LPs may inherit customers from another provider, either because a gap or vacant site has been identified and allocated to them or because another licensed provider has failed and its customers are reallocated amongst the remaining providers. The customers would be in receipt of water and sewerage services but would not have signed a contract with the new LP. However, as these customers are receiving a service, LPs should be able to demand and recover charges from these customers and we will clarify this in the Bill.
At present empty non-domestic properties are not charged for water and sewerage services. As these properties are still receiving drainage services, and have the availability of water supplies at any point there is an argument that these properties should be contributing to the maintenance of the system by paying fixed charges and for the drainage services they are utilising. The Scottish Government will engage with business organisations on introducing this change from 2015, with any additional income from charges being used to lower the charges of other non-domestic customers. The Bill will clarify the ability of LPs to demand and recover charges from landlords of empty properties so these are in place if required.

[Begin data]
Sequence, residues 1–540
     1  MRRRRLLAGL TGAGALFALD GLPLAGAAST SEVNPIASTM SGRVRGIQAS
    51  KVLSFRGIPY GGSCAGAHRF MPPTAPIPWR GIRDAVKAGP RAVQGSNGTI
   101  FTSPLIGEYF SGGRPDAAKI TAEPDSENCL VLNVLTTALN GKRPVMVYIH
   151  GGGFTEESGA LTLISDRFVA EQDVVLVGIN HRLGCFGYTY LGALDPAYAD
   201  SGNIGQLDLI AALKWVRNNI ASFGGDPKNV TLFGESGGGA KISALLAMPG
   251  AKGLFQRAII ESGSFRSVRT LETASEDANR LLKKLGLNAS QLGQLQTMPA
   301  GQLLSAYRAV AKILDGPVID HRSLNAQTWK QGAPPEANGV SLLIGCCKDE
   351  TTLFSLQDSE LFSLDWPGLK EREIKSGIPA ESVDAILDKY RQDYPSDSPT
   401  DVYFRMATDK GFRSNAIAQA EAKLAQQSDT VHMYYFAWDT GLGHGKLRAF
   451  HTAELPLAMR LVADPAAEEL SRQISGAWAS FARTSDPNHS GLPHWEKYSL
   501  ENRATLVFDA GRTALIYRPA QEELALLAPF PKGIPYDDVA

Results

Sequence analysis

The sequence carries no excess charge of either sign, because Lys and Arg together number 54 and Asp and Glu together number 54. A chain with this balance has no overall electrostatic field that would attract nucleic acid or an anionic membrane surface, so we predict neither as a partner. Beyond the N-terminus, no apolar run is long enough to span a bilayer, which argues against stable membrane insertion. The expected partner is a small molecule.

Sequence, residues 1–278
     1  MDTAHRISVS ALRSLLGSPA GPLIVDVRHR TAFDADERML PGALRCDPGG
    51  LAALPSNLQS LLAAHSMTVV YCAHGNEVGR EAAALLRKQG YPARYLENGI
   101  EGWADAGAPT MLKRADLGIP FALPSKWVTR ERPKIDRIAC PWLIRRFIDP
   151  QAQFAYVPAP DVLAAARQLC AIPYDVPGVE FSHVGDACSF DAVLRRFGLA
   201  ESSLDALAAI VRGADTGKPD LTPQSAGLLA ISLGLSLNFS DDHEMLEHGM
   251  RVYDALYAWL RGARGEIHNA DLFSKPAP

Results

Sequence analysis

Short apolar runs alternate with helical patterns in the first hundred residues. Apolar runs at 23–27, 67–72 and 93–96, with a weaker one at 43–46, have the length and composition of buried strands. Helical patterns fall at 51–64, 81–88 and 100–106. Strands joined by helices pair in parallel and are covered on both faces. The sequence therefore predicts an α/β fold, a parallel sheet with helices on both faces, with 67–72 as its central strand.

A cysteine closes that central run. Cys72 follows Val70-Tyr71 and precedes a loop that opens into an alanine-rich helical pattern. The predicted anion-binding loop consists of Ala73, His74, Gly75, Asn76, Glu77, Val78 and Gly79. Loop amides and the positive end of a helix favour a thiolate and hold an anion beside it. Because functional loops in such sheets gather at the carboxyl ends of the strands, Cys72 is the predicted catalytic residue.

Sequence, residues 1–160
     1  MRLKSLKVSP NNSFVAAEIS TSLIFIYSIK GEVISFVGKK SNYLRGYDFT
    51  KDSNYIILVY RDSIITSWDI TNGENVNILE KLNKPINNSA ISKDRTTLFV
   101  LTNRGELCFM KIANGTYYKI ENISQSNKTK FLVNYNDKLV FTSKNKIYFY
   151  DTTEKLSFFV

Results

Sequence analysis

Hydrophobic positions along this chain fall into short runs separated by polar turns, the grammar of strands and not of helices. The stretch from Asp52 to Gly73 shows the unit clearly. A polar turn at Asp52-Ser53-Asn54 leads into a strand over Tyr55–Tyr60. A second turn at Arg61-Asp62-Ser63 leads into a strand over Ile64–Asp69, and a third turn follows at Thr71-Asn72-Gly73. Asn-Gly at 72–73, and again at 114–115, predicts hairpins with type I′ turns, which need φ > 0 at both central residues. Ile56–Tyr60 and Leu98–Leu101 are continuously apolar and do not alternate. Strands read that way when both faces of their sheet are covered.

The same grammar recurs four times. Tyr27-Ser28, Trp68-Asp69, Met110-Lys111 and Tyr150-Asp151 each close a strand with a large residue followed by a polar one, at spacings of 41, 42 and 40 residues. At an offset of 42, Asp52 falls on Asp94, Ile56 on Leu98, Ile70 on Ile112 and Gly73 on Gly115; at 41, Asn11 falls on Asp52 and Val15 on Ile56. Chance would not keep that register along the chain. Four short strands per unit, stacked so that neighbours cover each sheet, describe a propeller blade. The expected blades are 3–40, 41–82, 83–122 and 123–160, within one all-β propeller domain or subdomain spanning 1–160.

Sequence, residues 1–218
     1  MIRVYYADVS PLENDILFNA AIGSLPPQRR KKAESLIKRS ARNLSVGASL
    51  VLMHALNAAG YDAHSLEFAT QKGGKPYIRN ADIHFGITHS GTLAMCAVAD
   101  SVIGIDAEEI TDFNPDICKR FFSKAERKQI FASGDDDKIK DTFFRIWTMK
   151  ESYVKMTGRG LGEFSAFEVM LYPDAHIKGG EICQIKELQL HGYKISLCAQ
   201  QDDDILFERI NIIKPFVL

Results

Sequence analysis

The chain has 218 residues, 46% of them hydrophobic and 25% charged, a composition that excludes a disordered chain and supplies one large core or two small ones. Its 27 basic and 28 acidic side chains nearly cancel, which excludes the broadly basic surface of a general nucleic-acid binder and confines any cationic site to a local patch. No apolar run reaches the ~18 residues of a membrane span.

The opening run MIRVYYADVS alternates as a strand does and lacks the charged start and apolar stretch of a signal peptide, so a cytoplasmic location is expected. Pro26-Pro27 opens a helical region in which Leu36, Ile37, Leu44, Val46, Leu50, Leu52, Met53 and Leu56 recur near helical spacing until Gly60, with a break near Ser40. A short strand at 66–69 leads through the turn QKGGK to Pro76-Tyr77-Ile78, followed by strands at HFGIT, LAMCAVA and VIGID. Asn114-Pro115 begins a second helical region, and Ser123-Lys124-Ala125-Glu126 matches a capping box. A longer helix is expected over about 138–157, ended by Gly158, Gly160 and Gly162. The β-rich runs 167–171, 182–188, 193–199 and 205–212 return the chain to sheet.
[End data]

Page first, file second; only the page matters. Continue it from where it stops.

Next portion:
Email: Lucy Carmichael, email@example.com